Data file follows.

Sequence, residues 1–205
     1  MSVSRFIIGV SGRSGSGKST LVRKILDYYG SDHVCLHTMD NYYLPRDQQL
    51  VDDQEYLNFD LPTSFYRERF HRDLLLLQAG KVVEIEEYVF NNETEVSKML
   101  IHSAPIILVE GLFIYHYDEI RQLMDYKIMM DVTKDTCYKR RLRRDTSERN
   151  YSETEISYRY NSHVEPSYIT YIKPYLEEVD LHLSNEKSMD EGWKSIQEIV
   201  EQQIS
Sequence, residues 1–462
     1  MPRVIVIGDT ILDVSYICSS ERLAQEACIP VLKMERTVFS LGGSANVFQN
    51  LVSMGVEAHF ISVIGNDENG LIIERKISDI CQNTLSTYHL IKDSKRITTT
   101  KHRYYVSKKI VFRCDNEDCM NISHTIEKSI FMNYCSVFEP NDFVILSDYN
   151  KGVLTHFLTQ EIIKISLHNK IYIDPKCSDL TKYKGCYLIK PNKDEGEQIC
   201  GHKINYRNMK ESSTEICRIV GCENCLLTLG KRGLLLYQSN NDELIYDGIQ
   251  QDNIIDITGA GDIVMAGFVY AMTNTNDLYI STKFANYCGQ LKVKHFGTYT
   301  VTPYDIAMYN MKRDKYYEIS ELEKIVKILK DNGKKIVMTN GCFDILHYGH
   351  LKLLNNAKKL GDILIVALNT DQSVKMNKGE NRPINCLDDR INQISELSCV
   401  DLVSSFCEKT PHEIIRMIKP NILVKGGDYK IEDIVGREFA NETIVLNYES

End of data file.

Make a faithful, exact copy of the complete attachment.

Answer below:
Sequence, residues 1–205
     1  MSVSRFIIGV SGRSGSGKST LVRKILDYYG SDHVCLHTMD NYYLPRDQQL
    51  VDDQEYLNFD LPTSFYRERF HRDLLLLQAG KVVEIEEYVF NNETEVSKML
   101  IHSAPIILVE GLFIYHYDEI RQLMDYKIMM DVTKDTCYKR RLRRDTSERN
   151  YSETEISYRY NSHVEPSYIT YIKPYLEEVD LHLSNEKSMD EGWKSIQEIV
   201  EQQIS
Sequence, residues 1–462
     1  MPRVIVIGDT ILDVSYICSS ERLAQEACIP VLKMERTVFS LGGSANVFQN
    51  LVSMGVEAHF ISVIGNDENG LIIERKISDI CQNTLSTYHL IKDSKRITTT
   101  KHRYYVSKKI VFRCDNEDCM NISHTIEKSI FMNYCSVFEP NDFVILSDYN
   151  KGVLTHFLTQ EIIKISLHNK IYIDPKCSDL TKYKGCYLIK PNKDEGEQIC
   201  GHKINYRNMK ESSTEICRIV GCENCLLTLG KRGLLLYQSN NDELIYDGIQ
   251  QDNIIDITGA GDIVMAGFVY AMTNTNDLYI STKFANYCGQ LKVKHFGTYT
   301  VTPYDIAMYN MKRDKYYEIS ELEKIVKILK DNGKKIVMTN GCFDILHYGH
   351  LKLLNNAKKL GDILIVALNT DQSVKMNKGE NRPINCLDDR INQISELSCV
   401  DLVSSFCEKT PHEIIRMIKP NILVKGGDYK IEDIVGREFA NETIVLNYES